Financing a Rental Property
Buying rental property is a great way to invest your money. However investing in real estate is just like any kind of investment; it's wise to assess both the benefits and the risks involved. Rental property allows you to enjoy the potential for market appreciation while building equity each month.
Tell your mortgage broker that you’re interested in buying a rental property. Financing them comes with different rules than a primary residence.
Conventional Bank Loans
For a rental property, you can use an agency loan. This means that the mortgage is backed by Fannie Mae or Freddie Mac. This is considered conventional financing. With conventional financing, the typical expectation for a down payment is 20% of the home's purchase. In some cases, a total of 25% down can score the buyer a better interest rate.
Conventional loans are available either with a fix-rate mortgage or an adjustable rate mortgage (ARM). Both of these options have specific requirements when it comes to the down payment and credit score. Most mortgage lenders review your income, assets, and credit. Borrowers must afford their existing mortgage as well as the monthly loan payments on a rental property. Up to 75% of the rent you expect is taken into account when calculating the debt-to-income ratio. Some lenders will require six months of the payment set aside as reserves. This reserve covers the total mortgage obligation in the event that you go through unexpected financial issues.
For a fixed-rate mortgage, the minimum credit score requirement on a single-unit rental property is 620. The requirements for a rental property are somewhat similar to that of a mortgage for a primary residence. You should keep in mind the 2/2/2 rule: the borrower has to provide two years of tax returns, two years of W-2s and two months of bank statements to your mortgage lender.
Fix and flip loans are also known as hard money rehab loans, rental property rehab loans or house flipping loans. They are short-term financing tools to help cover the purchase and renovation of a property. The homes can either be put up for sale or rented. Fix-and-flip loans are hard money loans, meaning the loan is secured by the property. Hard money lenders specialize in these kinds of loans, however, you may also obtain from certain real estate crowdfunding platforms.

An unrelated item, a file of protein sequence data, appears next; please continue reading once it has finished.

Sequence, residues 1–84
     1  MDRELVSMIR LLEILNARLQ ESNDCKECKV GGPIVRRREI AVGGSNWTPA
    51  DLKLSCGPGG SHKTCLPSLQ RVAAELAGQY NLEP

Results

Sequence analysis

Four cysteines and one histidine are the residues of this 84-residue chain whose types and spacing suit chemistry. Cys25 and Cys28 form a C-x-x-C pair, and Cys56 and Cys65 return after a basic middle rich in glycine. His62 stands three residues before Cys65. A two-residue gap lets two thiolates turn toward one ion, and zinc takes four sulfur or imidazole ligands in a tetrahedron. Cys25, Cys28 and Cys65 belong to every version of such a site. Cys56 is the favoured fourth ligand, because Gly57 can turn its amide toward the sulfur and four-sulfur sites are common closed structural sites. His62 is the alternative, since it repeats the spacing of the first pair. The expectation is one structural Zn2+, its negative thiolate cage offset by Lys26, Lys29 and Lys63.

The major advantage of using a hard money loan is that it may be easier to qualify compared to a conventional loan. For fix and flip loans lenders still, consider things such as credit and income however their primary focus is on the property's profitability.
The major disadvantage of using a hard money loan is that it will be more expensive. Interest rates for a fix-and-flip loan can go as high as 18% and will require a shorter time-frame for paying it back.
Tapping Home Equity
Consider taking advantage of a home equity loan, HELOC or a cash-out refinance to secure rental property. The amount you can borrow is based on the combined loan-to-value (CLTV) ratio of 80% to 90% of the property’s appraised value. Using equity to finance a real estate investment has its upsides and drawbacks.
There are a few benefits of tapping into your equity on your primary house in order to buy an investment property:
- The interest rates on rental homes are higher than primary or secondary homes
- Home equity loans can have more favorable terms than rental property loans
- The closing costs are usually lower for home equity loans. If you plan to buy a rental property, take into account the possibility of tapping into the equity of your home to pay for it. This allows you to make profit without stressing out about taking a second mortgage besides the home equity loan
There are many things to consider when purchasing your first rental property. When you’re ready to dive head first into the real estate game, start by getting preapproved for a mortgage.
Casey Moseman can help answer your questions about
buying your first rental property.